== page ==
MANITOULIN—Scott Veterinary Services in Mindemoya now has 12 dogs enrolled in the the Canadian K9 Lifetime Lyme Study, a province-wide study which is seeking to better identify, prevent and treat canine lyme disease and improve quality of life for both dogs and their people.
“It is going very well,” said Dr. Darren Stinson of Scott Veterinary Services of the clinic’s participation in the study. “We have 12 puppies which have been registered for the study. We are very pleased.”
Dr. Stinson learned about the study from Dr. Michelle Evason who did a talk on lyme disease at a conference he attended earlier this year, stressing the need for more information about where dogs are contracting lyme disease and how to prevent it. The study’s goal is to gather data on where ticks are in Canada and how to prevent the disease, as well as how to better manage the problem.
The study is being conducted by Dr. Scott Weese and Dr. Michelle Evason of the Department of Pathobiology at the University of Guelph.
“The purpose of the study is to enroll pet owners and their puppies (seven months of age or younger) that will be followed for evaluation of exposure to ticks carrying Borrelia Burdoferi (the cause of lyme disease) and their possible development of signs of illness due to lyme disease,” the consent form to participate in the research study states. “This is part of a larger long-term (lifetime) lyme disease and canine health study.”
The study will involve drawing blood from the participating puppy at the age of seven months (or less) and repeated every 6-12 months. The puppy owner will also be asked to complete an electronic or telephone questionnaire on the puppy at six-month intervals over the course of the study (three years). Commitment to the initial phase (three years) does not commit participants to the later phases of the study, but it is hoped that, long-term, the puppies and their owners will participate throughout the dog’s life. Participating in the study is free for the owner; they are simply responsible for bringing the puppy in for the blood tests and filling out the questionnaires.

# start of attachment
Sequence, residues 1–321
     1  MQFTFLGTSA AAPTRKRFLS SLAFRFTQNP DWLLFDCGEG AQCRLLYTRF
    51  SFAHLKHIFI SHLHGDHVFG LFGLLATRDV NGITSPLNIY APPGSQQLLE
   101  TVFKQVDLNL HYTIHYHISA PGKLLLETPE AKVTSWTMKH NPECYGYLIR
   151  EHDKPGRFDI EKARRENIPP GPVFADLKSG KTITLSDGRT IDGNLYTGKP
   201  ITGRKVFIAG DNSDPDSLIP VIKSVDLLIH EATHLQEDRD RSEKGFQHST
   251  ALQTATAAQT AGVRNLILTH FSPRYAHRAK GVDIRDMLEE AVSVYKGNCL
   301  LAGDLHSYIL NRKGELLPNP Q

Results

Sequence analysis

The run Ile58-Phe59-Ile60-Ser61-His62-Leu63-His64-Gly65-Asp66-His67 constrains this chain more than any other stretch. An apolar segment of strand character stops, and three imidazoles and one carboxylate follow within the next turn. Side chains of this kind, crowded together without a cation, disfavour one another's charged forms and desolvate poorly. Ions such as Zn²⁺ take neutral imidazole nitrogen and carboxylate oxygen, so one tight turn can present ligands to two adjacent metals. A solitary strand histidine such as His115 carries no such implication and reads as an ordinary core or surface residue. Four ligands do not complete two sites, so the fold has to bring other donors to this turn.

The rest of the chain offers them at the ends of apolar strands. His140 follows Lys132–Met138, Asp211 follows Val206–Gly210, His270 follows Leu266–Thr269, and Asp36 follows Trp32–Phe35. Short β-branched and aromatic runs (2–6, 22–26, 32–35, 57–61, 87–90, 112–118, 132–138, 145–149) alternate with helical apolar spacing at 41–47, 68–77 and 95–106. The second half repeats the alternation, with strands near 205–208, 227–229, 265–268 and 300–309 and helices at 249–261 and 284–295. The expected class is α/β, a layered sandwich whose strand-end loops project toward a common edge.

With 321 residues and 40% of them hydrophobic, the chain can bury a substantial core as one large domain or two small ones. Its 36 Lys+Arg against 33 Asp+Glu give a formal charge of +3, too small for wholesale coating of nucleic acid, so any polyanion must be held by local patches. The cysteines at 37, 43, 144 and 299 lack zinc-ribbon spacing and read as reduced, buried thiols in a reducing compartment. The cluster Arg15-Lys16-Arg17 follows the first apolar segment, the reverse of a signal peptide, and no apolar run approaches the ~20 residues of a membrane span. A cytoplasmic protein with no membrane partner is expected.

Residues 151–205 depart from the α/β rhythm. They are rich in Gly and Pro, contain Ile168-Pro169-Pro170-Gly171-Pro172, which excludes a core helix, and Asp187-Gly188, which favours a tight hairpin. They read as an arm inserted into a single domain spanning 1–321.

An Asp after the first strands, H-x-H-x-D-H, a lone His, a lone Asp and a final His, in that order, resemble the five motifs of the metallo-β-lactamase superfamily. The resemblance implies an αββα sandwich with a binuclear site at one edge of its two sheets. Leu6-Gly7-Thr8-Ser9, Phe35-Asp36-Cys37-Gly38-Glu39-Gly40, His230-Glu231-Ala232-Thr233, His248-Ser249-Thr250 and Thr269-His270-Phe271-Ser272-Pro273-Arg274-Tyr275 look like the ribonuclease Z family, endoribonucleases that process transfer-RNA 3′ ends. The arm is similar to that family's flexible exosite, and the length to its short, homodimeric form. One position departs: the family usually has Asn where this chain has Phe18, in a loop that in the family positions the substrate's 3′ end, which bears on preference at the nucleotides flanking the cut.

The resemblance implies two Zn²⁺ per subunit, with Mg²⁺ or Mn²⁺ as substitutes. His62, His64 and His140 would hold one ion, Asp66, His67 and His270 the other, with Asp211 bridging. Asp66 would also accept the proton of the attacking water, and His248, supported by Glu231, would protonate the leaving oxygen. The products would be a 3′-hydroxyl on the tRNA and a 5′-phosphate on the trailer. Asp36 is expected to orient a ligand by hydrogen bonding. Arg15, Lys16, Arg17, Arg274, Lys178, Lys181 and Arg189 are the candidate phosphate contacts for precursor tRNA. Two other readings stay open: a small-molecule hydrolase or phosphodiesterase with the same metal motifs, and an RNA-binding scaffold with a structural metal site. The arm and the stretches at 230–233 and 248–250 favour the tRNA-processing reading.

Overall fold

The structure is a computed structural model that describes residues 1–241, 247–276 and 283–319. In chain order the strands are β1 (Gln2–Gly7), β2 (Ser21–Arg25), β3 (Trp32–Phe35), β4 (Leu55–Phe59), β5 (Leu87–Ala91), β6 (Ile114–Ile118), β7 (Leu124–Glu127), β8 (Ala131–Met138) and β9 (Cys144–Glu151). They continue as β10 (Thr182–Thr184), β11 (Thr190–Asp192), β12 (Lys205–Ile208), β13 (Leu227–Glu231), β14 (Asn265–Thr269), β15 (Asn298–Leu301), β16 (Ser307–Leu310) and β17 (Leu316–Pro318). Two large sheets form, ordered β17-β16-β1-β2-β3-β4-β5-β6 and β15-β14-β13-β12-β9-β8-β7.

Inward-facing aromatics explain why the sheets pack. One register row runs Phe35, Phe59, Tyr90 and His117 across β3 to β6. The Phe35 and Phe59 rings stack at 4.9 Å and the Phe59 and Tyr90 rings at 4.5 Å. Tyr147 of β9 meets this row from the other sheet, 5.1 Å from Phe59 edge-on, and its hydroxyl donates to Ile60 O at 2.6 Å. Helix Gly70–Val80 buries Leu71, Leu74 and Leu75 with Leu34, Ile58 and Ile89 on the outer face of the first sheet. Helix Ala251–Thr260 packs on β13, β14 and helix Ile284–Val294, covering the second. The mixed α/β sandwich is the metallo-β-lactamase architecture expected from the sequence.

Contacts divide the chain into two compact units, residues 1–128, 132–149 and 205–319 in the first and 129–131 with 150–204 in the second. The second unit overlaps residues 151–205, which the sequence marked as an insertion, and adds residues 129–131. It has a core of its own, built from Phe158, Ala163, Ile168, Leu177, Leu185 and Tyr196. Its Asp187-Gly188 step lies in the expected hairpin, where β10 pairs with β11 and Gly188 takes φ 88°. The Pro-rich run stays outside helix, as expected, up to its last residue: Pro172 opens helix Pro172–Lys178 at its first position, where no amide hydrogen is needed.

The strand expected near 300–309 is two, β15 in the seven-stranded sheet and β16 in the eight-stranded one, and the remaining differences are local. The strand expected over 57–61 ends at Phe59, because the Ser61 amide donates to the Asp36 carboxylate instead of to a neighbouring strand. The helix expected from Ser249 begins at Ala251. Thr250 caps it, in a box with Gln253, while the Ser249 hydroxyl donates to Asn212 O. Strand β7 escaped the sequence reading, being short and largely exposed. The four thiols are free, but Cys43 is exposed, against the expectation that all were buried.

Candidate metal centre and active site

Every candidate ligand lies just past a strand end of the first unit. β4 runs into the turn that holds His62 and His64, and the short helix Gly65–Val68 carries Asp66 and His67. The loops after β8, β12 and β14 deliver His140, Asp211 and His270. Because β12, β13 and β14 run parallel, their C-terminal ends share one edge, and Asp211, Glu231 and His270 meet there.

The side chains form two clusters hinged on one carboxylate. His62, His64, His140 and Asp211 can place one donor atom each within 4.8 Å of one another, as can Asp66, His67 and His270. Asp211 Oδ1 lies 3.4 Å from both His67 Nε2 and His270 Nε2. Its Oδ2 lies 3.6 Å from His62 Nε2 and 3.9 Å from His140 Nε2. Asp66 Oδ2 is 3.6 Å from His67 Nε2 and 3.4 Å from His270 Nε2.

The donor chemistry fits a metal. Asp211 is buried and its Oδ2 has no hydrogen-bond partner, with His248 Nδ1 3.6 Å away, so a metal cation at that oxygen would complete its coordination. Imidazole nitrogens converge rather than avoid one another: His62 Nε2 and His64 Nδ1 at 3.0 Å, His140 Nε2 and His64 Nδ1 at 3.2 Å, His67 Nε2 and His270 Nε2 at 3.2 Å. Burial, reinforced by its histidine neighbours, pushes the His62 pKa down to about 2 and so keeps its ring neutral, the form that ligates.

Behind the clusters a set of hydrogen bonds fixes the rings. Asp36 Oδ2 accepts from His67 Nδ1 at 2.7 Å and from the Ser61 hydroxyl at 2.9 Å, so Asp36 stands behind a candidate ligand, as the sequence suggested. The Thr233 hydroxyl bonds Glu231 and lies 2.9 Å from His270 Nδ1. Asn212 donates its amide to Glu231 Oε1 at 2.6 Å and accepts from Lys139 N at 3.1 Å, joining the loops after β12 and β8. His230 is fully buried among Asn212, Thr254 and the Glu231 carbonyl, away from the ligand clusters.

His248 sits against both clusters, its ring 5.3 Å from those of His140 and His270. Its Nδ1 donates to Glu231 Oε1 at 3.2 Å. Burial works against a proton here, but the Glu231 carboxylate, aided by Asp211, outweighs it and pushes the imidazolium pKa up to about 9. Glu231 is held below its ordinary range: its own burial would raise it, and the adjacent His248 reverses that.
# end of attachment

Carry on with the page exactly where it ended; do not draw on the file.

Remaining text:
As well, if a tick is found on the puppy, the owners are asked to submit it for testing.
Symptoms of lyme disease in canines include: fever, loss of appetite, reduced energy, lameness and generalized stiffness, discomfort or pain.
While none of the puppies enrolled in the study have tested positive for lyme disease, Scott Veterinary Services has seen numerous cases this year.
“My practice on Manitoulin has had seven cases of canine lyme disease this year,” he said. This is in addition to the six cases that The Expositor reported last year between the Island Animal Hospital and Scott Veterinary Services.
“We will be doing blood tests on the dogs at the six month check-in, which for many will be around December of this year or January 2018,” Dr. Stinson explained. “We will be looking for seroconvert—if they have been in contact with the disease.”
Dr. Stinson said he has seen a large growth in the number of ticks and as a result has added the lyme disease vaccination as part of their core vaccinations.
“We want to make the public aware that ticks and lyme disease are here,” he added. “We have been disappointed with the (Sudbury and District) Health Unit response.”
The study is still taking more puppies. If you have a puppy seven months old or younger, you can contact Scott Veterinary Services in Mindemoya for more information or to join the study.
For more information contact Dr. Stinson at 705-377-5666 or stop in at 2058 Highway 551, Mindemoya, Ontario.